So, at the ripe old age of 16, I had finished reading Danielle Steel's The Promise and decided I wanted to give other readers that heart-satisfying feeling. Thus, my desire to be a writer was born.

If you could write a novel with a fictional character, who would you choose and why?
Hmmm, that's a little tough. I'm hanging my head in shame to say I don't read much classic literature or literary novels. I love romance novels. I could easily see myself hanging out with contemporary characters such as PJ Sugar (Susan May Warren), or Caroline, Elle and Joy (Rachel Hauck.)

Where do you ponder your stories? Are you a morning writer or an evening writer--or an anytime you can writer?
I ponder my stories in bed after the day is done or first thing in the morning before my feet hit the floor. I ponder in the bathtub. I ponder while doing the dishes. My day is often filled with noise that I need to escape to give my muse time to ponder in silence. I do the majority of my writing in the evenings.

List three must-haves that you need to write.
My MacBook with internet connection, beverage of choice--water or tea--and my My Book Therapy (MBT) Book Buddy.

Your agent scores a screen deal for your novel: Who do you want to play the lead roles? Who would you take the the premiere?
This is how I picture Stephen.
When Love Inspired asked for photos of my characters, I used actress Cherlize Theron and Australian model Ian Lawless. They're how I picture my characters.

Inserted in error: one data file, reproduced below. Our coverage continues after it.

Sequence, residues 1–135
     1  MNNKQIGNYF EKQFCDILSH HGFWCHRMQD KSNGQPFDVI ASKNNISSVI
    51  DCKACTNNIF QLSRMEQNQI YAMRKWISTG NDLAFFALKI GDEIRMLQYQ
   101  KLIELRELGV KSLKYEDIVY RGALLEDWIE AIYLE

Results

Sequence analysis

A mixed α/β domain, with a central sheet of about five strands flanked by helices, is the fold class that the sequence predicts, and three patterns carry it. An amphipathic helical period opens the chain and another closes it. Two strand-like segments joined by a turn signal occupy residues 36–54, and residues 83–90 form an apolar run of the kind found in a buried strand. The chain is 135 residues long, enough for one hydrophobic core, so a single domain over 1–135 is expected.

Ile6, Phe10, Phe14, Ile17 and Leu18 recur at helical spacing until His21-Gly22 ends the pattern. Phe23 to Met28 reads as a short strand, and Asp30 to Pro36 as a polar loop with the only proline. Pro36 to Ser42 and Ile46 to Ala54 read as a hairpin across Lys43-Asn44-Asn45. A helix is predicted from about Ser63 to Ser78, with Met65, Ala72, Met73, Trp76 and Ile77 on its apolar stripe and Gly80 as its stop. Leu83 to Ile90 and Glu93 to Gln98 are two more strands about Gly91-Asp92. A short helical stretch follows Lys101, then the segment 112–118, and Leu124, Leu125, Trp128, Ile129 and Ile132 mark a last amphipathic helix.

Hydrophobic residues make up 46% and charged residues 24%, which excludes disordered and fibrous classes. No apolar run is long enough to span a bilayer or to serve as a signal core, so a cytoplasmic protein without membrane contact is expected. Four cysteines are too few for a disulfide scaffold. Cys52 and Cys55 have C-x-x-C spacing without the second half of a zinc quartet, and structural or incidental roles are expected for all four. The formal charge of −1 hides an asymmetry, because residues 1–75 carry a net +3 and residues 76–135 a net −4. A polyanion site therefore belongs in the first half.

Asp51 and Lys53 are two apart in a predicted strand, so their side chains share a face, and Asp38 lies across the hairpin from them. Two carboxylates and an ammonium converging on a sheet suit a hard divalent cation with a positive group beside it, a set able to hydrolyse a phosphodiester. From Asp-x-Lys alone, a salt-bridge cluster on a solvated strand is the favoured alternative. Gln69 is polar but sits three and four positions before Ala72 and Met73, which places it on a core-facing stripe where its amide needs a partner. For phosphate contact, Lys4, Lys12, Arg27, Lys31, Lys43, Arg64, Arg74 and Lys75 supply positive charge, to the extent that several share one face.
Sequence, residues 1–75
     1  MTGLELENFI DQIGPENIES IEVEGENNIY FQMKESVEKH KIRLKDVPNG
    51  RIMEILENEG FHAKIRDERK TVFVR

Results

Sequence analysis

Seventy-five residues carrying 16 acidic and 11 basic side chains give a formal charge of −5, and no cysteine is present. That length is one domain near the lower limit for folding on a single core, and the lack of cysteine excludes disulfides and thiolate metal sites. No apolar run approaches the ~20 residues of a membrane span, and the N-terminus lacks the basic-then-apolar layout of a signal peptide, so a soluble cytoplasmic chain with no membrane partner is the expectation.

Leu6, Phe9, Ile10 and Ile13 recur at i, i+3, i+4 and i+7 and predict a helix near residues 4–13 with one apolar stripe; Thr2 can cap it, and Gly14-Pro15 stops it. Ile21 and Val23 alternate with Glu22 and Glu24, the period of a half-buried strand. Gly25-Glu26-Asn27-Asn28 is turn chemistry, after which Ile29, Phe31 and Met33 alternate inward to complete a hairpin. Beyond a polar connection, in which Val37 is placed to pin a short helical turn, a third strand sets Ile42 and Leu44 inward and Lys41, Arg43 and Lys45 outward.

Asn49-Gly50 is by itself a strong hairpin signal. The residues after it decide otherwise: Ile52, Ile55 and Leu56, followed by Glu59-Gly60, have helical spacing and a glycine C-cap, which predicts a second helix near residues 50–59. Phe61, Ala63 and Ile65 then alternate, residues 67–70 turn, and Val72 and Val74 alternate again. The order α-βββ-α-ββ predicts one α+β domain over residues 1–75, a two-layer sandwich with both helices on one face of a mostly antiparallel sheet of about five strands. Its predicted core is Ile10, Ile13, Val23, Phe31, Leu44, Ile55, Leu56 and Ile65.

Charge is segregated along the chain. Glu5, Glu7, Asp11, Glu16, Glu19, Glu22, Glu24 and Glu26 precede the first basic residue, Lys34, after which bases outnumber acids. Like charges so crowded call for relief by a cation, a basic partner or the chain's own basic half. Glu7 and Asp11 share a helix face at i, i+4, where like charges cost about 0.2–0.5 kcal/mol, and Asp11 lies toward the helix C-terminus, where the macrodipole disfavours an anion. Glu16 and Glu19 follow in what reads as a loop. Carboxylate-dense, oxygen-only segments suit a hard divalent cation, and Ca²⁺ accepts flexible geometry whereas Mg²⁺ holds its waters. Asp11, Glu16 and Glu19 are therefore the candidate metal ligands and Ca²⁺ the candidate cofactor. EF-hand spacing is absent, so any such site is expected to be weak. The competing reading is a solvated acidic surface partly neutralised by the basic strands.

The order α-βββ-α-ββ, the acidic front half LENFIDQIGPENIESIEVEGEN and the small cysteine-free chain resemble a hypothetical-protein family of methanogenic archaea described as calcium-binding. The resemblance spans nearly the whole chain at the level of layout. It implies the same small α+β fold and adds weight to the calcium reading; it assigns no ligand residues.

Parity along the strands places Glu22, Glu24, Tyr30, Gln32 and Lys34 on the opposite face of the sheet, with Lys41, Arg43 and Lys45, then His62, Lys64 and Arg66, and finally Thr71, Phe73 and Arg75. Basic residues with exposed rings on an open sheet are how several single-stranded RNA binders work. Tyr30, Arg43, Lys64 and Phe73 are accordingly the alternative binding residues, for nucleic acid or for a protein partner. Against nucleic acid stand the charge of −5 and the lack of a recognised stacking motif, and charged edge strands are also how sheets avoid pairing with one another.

This is how I pictured Lindsey.
For the premiere, do I have a number limit? I'd take my hubby, of course. He's my real-life hero. I'd also take our two boys, my mom, my agent, my editor, my mentors, and the Tough Cookies who helped me edit this novel.

What's the worse thing you've ever done to a character?
When I started this story over a decade ago, Stephen was too perfect. I had to give him a flaw, so I got him drunk. He was a Marine, and in the USMC, when a buddy is promoted to the next rank, his friends throw a "wetdown." Basically, it's a drinking party and they wet down the promoted Marine by pouring beer over him. Well, Stephen wasn't much of a drinker, but that night he had too much to drink. In his inebriated state, he slept with a girl who turned out to be his commanding officer's daughter. He ending up losing his "96"--his weekend pass to attend his sister's wedding. As if that wasn't enough, Stephen worked hard to be a man of honor once he left the USMC. He fell in love with Lindsey Porter, but the week before his wedding, his former one-night stand showed up with their son--a child he didn't know existed. He had to choose between love and honor, and Stephen chose honor.

What's one thing you wish you'd known earlier in your writing career?
I wish I had known about the story spine. Having a weak plot and surface backstory for your characters creates a story without depth. Lakeside Reunion straightened out when Susie and Rachel brainstormed with me the MBT way and constantly asked why. Their questions helped cement the story structure.

What's the best thing about being a writer? The worst?
The best thing? Being able to write in pajamas with bedhead in order to create fictional characters, their lives, and giving them a promise of hope and happily ever after. It's my way of ministering God's truth to those who may be searching for personal hope and happily ever after. God gives us both and uses me to deliver his message.
The worst? The waiting. Everyone in this industry waits--writers, agents, editors. But it's so hard for me to wait when I want something so badly. God uses this time for me to keep my focus on Him. After all, it's all in His timing, right?

Lisa is giving away a free copy of Lakeside Reunion when it becomes available in the fall. But there's a catch! Breakfast is a key component in Lakeside Reunion. Share your favorite breakfast food with Lisa in the comments section and your name will be added to a drawing for a free copy of Lakeside Reunion. Everyone is invited to participate, but due to postage costs, the book is available for U.S. residents only.